FCC Chairwoman Jessica Rosenworcel informed congressional appropriators the Affordable Connectivity Program (ACP) will no longer accept new enrollments as of Thursday, February 8. To make clear the real-world impacts if Congress does not renew funding for the broadband affordability program, the Chairwoman shared enrollment data for every state, territory and Congressional district.
Nearly 23 million low-income households rely on the ACP to afford monthly broadband service. ACP funding is currently expected to last through April with only partial support available in May 2024. A bipartisan group of Senators and Representatives have introduced the Affordable Connectivity Program Extension Act, which, if adopted, would provide an additional $7 billion for the ACP, Inside Towers reported.
“The bipartisan Infrastructure Law created the [ACP,] our largest-ever effort to make broadband affordable nationwide, but we now are on the brink of letting that success slip away,” said Rosenworcel. “Disconnecting millions of families from their jobs, schools, markets, and information is not the solution. We have come too far with the ACP to turn back.”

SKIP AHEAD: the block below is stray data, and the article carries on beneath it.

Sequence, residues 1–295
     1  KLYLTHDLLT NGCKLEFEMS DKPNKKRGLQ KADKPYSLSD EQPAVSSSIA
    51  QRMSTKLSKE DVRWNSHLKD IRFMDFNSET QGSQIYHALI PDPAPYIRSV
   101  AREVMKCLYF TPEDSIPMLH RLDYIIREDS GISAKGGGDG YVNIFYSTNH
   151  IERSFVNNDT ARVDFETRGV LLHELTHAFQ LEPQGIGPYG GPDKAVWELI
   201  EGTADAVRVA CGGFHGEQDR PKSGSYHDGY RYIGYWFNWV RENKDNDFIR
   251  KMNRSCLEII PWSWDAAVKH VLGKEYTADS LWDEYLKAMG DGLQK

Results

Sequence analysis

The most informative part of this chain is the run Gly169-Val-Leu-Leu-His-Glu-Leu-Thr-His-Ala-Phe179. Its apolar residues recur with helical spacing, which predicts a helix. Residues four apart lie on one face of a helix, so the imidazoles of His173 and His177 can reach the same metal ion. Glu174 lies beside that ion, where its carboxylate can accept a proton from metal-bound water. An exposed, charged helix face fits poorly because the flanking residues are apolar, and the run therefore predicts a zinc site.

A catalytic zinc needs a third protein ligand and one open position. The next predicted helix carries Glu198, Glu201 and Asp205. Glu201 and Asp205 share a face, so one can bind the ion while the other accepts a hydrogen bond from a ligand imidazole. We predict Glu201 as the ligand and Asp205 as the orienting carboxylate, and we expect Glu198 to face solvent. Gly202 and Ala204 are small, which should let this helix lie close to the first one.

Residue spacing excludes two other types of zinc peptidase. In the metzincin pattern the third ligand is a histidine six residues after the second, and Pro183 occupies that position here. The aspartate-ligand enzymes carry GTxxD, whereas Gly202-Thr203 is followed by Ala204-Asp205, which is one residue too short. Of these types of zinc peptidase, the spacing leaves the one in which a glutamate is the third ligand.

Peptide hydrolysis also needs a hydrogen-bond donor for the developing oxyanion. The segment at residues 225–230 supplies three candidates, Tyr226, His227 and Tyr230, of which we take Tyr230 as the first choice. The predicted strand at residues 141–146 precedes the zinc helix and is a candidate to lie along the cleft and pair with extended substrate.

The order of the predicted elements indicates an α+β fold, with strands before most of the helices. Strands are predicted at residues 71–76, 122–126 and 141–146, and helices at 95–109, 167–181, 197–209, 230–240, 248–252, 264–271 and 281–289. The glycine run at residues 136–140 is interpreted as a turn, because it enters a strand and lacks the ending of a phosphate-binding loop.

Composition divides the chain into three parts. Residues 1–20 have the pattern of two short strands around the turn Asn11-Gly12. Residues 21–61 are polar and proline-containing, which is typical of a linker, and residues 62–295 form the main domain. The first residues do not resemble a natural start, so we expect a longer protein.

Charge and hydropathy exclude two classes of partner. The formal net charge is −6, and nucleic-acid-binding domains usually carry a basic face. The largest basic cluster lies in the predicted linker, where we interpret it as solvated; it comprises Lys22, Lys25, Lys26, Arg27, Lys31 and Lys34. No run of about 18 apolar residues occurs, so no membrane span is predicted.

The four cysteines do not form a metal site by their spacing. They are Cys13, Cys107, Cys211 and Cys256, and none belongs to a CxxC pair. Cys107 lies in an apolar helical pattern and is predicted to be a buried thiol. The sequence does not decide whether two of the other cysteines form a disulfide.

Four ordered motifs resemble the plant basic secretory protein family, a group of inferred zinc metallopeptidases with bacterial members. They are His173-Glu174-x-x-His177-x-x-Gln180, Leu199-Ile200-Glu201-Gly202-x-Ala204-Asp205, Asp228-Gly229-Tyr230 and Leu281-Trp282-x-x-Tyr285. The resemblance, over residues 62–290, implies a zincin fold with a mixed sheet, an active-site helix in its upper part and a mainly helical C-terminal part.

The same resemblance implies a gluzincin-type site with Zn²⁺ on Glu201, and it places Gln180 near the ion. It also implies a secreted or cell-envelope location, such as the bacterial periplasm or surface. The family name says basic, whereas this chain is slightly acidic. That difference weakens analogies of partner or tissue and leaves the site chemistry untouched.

Under the FCC’s wind-down procedures, an outreach effort is already underway to tell ACP households about the potential loss of the benefit. Broadband providers were required to send an initial notice to all of their ACP subscribers to preview the possible end of the program and the impact on the households’ broadband bills once the benefit is no longer available.
After the Commission announces the official final month of ACP funding, providers must send at least two more notices to households. They must tell consumers the program is ending, how and when the end will impact their bill, and that they may opt-out of continuing service or change their service.
By Leslie Stimson, Inside Towers Washington Bureau Chief